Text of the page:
nob Summary and Overview
Bible Dictionaries at a Glance
nob in Easton's Bible Dictionary
high place, a city of the priests, first mentioned in the
history of David's wanderings (1 Sam. 21:1). Here the tabernacle
was then standing, and here Ahimelech the priest resided. (See
AHIMELECH T0000143.) From Isa. 10:28-32 it seems to have been
near Jerusalem. It has been identified by some with el-Isawiyeh,
one mile and a half to the NE of Jerusalem. But
according to Isa. 10:28-32 it was on the south of Geba, on the
road to Jerusalem, and within sight of the city. This
identification does not meet these conditions, and hence others
(as Dean Stanley) think that it was the northern summit of Mount
Olivet, the place where David "worshipped God" when fleeing from
Absalom (2 Sam. 15:32), or more probably (Conder) that it was
the same as Mizpeh (q.v.), Judg. 20:1; Josh. 18:26; 1 Sam. 7:16,
at Nebi Samwil, about 5 miles north-west of Jerusalem.
After being supplied with the sacred loaves of showbread, and
girding on the sword of Goliath, which was brought forth from
behind the ephod, David fled from Nob and sought refuge at the
court of Achish, the king of Gath, where he was cast into
prison. (Compare titles of Ps. 34 and 56.)
nob in Smith's Bible Dictionary
(high place) #1Sa 22:19; Ne 11:32| a sacerdotal city in the tribe of Benjamin and situated on some eminence near Jerusalem. It was one of the places where the ark of Jehovah was kept for a time during the days of its wanderings. #2Sa 6:1| etc. But the event for which Nob was most noted in the Scripture annals was a frightful massacre which occurred there in the reign of Saul. #1Sa 22:17-19|
nob in Schaff's Bible Dictionary
NOB (height), a city of the priests in Benjamin, near Jerusalem. 1 Sam 22:19; Isa 10:32; Neh 11:31-32. In the time of Saul the tabernacle and the ark were probably at this place. 1 Sam 21:1, 1 Sam 21:4. The city was destroyed by Saul. 1 Sam 22:9-19. Van de Velde proposed to identify Nob with el-Inawiyeh, 1 1/2 miles northeast of Jerusalem, on the road to Anathoth, and this view is favored by Tristram, Baedeker, and Grove; but Jerusalem cannot be seen from that point, which is against this identification. Porter suggests a site about half a mile south of Tuleil el-Ful (Gibeah), where are ruins of cisterns, a tower, and large hewn stones - a site which commands a distant view of Zion. Conder, however, considers Nob and the Mizpeh of Jud 20:1; Josh 18:26; 1 Sam 7:15 as the same place, locating both at Nebi Samwil, about 4 miles from Jerusalem, where he finds traces of a court of the tabernacle. The site of Nob may be there, but that there should be any trace of the ancient tabernacle is exceedingly improbable. Moreover, Wilson questions the proposed identification of Conder, and would place its site on the hill Scopus; while another writer suggests that Nob is Almon under another name, and proposes to place it 1 mile north-east of Anathoth.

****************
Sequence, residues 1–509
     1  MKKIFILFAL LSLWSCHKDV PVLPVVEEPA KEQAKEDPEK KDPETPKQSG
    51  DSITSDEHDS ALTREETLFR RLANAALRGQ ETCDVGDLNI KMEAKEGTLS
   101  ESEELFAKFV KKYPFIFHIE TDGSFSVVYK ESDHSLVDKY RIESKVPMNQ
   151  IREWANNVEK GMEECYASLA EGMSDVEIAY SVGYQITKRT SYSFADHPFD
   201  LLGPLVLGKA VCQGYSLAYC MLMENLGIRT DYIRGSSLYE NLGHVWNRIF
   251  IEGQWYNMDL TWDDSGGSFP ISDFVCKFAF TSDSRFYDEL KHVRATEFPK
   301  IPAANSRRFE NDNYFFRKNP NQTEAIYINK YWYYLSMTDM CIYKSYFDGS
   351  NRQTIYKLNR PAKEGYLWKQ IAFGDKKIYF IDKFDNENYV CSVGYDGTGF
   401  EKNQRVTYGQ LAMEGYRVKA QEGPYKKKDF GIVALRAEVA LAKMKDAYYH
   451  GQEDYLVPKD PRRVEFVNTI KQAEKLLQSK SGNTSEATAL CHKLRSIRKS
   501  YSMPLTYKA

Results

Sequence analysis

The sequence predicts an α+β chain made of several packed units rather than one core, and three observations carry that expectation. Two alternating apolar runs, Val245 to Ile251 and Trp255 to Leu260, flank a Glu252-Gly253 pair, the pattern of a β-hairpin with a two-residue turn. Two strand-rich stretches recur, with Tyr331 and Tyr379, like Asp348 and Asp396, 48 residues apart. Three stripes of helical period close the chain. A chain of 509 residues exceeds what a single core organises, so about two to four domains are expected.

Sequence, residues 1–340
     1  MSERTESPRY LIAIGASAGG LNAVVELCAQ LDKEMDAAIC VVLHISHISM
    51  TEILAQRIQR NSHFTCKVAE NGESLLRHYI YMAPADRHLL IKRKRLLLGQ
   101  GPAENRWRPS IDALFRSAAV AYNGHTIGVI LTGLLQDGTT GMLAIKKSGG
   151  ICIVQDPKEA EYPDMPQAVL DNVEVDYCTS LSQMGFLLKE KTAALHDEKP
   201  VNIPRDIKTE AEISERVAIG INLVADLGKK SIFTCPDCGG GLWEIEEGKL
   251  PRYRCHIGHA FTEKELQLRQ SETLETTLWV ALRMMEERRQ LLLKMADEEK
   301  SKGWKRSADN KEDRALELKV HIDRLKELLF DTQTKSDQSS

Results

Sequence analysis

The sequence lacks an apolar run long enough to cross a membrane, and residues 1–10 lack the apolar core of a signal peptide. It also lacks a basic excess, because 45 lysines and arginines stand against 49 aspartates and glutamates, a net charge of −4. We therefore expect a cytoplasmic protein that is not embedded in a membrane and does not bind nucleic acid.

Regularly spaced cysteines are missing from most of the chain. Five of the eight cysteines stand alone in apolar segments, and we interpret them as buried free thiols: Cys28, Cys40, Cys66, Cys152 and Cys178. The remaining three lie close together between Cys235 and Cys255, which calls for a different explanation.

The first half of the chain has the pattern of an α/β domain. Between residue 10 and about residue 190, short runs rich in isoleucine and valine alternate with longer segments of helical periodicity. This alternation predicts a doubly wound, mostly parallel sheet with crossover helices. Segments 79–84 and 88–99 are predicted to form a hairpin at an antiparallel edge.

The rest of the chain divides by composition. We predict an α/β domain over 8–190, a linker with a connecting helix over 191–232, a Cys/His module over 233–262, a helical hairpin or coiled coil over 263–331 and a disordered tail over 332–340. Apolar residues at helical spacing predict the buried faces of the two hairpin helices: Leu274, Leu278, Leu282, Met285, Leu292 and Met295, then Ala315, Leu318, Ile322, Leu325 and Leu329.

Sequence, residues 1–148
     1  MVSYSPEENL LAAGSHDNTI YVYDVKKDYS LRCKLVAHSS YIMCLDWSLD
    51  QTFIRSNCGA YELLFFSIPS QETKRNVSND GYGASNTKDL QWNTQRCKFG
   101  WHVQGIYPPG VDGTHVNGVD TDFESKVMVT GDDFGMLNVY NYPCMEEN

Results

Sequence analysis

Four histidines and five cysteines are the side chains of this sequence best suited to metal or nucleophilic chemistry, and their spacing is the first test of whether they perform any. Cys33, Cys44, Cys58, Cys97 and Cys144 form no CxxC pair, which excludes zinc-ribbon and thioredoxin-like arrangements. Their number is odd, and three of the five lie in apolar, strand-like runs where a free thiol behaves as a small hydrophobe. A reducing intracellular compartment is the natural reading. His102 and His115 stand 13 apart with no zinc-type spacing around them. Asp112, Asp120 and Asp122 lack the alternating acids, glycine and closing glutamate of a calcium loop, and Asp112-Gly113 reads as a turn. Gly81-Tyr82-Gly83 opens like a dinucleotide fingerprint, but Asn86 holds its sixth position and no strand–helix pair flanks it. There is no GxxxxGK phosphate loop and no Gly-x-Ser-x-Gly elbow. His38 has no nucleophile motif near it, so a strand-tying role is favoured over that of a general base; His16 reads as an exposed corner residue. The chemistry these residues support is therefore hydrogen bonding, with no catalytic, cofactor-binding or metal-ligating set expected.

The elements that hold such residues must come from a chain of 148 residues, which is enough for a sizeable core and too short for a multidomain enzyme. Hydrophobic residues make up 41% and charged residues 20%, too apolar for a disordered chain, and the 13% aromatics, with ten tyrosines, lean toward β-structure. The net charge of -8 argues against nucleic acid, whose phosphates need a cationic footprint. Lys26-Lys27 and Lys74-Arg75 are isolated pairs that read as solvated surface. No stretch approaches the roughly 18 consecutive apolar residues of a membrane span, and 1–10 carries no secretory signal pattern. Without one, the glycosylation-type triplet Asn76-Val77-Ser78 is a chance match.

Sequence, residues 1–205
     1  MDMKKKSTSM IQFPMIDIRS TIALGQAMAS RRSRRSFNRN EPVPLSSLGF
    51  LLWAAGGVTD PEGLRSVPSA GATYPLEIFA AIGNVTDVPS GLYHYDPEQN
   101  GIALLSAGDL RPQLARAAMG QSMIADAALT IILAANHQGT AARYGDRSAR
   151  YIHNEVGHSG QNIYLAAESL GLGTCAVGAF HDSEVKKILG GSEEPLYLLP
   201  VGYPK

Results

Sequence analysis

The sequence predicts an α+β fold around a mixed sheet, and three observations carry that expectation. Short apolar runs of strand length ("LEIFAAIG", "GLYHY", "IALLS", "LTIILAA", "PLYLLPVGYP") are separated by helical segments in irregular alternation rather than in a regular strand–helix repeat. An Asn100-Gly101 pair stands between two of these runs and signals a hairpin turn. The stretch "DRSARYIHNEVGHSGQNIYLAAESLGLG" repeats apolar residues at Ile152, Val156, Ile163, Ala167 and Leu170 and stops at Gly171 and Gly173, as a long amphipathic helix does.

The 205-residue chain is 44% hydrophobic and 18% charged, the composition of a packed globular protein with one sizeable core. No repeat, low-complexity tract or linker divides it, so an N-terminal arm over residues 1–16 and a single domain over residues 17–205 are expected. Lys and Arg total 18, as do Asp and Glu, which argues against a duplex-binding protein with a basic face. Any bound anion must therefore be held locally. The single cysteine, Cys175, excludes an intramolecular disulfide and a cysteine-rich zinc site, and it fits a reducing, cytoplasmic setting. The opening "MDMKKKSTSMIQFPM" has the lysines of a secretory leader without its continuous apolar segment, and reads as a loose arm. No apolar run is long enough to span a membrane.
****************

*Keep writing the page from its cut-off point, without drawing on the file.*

nob in Fausset's Bible Dictionary
A sacerdotal city in Benjamin, on a height near Jerusalem; the last stage of Sennacherib's march from the north on Jerusalem, from whence he could see and "shake his hand against Zion" (Isaiah 10:28-32). The high priest Ahimelech's residence in Saul's time, near Anathoth and Gibeah of Saul. (See AHIMELECH; DOEG; DAVID.) The scene of Saul's murder of the priests and smiting of the townspeople, on Doeg's information that Ahimelech had given David shewbread (1 Samuel 20:1-19; 1 Samuel 21:1-9; 1 Samuel 22:9-19). Inhabited again on the return from Babylon (Nehemiah 11:31-35). E. of the north road, opposite Shafat, is a tell with cisterns hewn in the rock and traces of a town (Courier, Israel Exploration Quarterly Statement).
From the hill-top is a full view of Zion, though Moriah and Olivet are hid by an intervening ridge. "The hill of God" (1 Samuel 10:5; 1 Samuel 10:10), where the Spirit came on Saul on his way from Bethlehem after Samuel's anointing, was probably Nob, the seat then of the tabernacle, and meaning "prophecy." Shafat is Arabic for "view," answering to Josephus' Greek name Scopus. Nob may be related to Nabat, "to view." namely, the point from whence the full view of Zion breaks on the traveler from the N. Mizpeh is mentioned in Joshua (Joshua 18:26) and in Nehemiah (Nehemiah 3:7) in connection with Gibeon. At Mizpeh probably the tabernacle was erected on its removal from Shiloh. Mizpeh, "watchtower," corresponds to Nob "a high place commanding a view."
They never are named in the same passage as distinct. They both are mentioned in connection with the royal town Gibeon. Gilgal was the first temporary abode of the tabernacle, then Shiloh for more than three centuries and a half, then the Nob or high place of Gibeon, finally Jerusalem. Warren (Israel Exploration Quarterly Statement) objects to Nob's being identified with Nebi Samwil that the latter is four miles and a half from Jerusalem, and separated from it by the deep ravine, wady Beit Hanina; the Assyrian king marching (Isaiah 10) from Geba to Jerusalem would be more likely to find Nob on his way, at that Scopus (near the city) from whence Titus looked down upon Jerusalem, rather than turning away four miles and a half to Nebi Samwil. Warren makes Nob distinct from Gibeon (el Jib), from which latter Nebi Samwil is one mile and a quarter distant. (See MIZPEH.)